Distortions: With ETFs, market forces can cause the trading price to differ from the value of the fund’s underlying investments. If there is significant demand for ETF shares, for example, the trading price of the ETF might be higher than the value of the fund’s holdings. That’s great if you’re selling, but not so great if you’re buying.

Spreads: When trading on exchanges, buyers and sellers need to agree on a price. In many cases, there’s a difference between what sellers are asking and what buyers are offering. That bid/ask spread can introduce an additional “cost” into trades.

Tips: To avoid the worst distortions and costs from spreads, plan your trading accordingly:

  • These issues might be most prevalent in the 30 minutes or so at market opening and closing hours.
  • Major economic and geopolitical news can cause these issues to increase.
  • Widely held ETFs (like a popular total market index) are less likely to have problems than esoteric or thinly-traded issues.

You might not be able to avoid problems—even with those tips—so speak with a broker at your favorite financial firm to learn more.

The fact that ETFs allow for trading throughout the day isn’t necessarily an advantage. Mutual funds might be all you need if you’re a long-term investor who ignores day-to-day fluctuations.


ETFs can be more tax efficient than mutual funds. But that doesn’t necessarily make them a clear winner. When your money is in a tax-deferred account like an IRA or 401(k), distributions and tax treatment become far less important. But taxation could matter more if you have significant holdings in taxable accounts like individual and joint accounts.

The tax difference might change in the future. For example, Vanguard uses a structure that made their mutual funds unusually tax-efficient. The solution was patented and unique to Vanguard, but that patent expired in 2023. We might see other fund companies employ the same strategy, but who knows?

  • Important: This is not a suggestion to use or avoid Vanguard products. It’s simply an example of one fund company’s attempt to equalize the tax burden of ETFs and mutual funds.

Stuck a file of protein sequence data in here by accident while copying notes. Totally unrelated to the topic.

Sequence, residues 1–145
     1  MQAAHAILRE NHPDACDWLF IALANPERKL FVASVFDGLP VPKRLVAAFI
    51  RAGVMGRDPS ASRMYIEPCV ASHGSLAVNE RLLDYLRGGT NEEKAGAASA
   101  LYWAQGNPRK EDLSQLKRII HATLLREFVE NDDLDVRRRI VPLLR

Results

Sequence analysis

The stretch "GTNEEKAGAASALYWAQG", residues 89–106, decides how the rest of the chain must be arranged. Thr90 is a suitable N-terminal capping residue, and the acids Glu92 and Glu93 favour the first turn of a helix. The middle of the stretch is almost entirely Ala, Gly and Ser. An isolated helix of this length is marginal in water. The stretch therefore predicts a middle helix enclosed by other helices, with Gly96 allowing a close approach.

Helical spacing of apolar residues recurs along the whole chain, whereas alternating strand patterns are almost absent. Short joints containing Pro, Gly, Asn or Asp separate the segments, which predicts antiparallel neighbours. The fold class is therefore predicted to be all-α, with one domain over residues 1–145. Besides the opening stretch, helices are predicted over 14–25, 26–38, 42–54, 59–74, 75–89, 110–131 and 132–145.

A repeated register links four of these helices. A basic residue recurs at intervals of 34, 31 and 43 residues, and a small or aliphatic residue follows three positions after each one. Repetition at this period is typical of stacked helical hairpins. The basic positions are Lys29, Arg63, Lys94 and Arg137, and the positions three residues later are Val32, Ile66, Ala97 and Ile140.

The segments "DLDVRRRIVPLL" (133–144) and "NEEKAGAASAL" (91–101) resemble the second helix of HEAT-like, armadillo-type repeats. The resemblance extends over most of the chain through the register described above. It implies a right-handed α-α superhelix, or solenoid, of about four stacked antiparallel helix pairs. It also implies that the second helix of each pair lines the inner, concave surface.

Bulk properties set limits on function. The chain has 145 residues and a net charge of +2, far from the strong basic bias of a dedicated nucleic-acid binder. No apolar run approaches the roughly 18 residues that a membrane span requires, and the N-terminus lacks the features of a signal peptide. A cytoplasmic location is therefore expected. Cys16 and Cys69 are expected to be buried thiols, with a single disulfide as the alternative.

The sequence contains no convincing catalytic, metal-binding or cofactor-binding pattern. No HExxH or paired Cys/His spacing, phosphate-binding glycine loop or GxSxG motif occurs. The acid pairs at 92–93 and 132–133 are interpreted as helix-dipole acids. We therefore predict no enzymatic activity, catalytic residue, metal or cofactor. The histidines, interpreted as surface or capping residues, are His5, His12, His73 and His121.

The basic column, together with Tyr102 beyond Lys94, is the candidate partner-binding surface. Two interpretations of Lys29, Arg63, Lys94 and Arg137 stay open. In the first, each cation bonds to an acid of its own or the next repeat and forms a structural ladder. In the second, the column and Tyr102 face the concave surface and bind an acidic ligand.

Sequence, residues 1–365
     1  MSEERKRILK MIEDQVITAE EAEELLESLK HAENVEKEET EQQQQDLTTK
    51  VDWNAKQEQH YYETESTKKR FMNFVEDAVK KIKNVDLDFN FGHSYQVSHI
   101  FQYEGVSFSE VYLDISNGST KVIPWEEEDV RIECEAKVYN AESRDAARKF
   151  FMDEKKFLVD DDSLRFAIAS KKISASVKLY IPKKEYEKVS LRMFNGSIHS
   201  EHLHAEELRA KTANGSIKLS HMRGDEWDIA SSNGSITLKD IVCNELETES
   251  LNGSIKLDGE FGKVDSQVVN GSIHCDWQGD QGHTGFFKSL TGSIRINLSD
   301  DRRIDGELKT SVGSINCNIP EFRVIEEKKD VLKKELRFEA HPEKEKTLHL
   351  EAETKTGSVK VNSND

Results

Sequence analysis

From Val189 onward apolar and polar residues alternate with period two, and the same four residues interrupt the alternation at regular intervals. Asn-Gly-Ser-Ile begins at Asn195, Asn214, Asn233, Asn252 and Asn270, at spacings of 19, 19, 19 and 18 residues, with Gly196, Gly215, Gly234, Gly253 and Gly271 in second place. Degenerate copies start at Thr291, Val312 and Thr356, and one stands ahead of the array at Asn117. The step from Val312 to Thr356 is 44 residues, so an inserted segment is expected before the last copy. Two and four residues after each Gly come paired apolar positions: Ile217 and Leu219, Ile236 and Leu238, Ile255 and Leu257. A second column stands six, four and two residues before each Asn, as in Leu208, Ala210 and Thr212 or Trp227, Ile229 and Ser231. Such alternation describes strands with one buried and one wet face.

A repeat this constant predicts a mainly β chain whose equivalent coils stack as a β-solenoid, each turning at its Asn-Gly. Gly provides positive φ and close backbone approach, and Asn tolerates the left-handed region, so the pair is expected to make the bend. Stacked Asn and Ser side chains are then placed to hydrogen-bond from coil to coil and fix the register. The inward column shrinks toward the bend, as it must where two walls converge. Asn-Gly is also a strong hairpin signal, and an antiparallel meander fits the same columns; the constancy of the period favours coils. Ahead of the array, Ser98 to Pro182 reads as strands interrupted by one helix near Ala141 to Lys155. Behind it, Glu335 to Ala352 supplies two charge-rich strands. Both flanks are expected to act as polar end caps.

Index Investing

Both mutual funds and ETFs can be index funds. There is no clear advantage to choosing one over the other if you want to pursue basic indexing strategies.

Index investing, also known as “passive” investing, involves buying a broad mix of investments without selecting specific companies or issuers.

With indexing, you often buy the market instead of picking individual stocks based on your expectations for how they’ll perform. The idea is to get exposure to certain areas of the market without worrying about which companies will outperform or underperform.

The term “passive” might sound like a bad thing. You may have learned that effort often leads to results, but that’s not always the case with investing.

We might use the analogy of a burning building, where it makes sense to say, “Don’t just stand there—do something.” But sometimes, it makes sense to say the opposite with investing: “Don’t just do something—stand there.” You might come out ahead by letting the markets do their thing and sitting on your hands.

There are several advantages to index investing strategies:

  • Cost: Passive investments tend to have the lowest ongoing costs because you don’t pay for active management. Plus, trading is minimal, which keeps trading costs low. Cost is an important determinant of a fund’s performance.
  • Tax efficiency: Passive investments typically do not trade as frequently as actively managed funds. As a result, you’re less likely to have unwanted capital gains, but surprises can always happen.
  • Performance: With index funds, you should more or less match what the underlying index does. You’re unlikely to underperform significantly with a fund that attempts to follow the market.

Index funds seem to have respectable performance relative to actively managed funds. In fact, research suggests that over the long term, passive strategies would have outperformed the majority of actively managed funds in most categories.

While an active fund can certainly outperform—and you’ll see those winners highlighted and celebrated in financial media every year—that doesn’t mean that investors reap all of the benefits. Sometimes, investors pile into those funds after they see that things are going well, and they miss out on the best results early on.

What Is an Index?

Index funds come in a variety of flavors. For example, you can choose funds that invest in broad markets or specific sectors.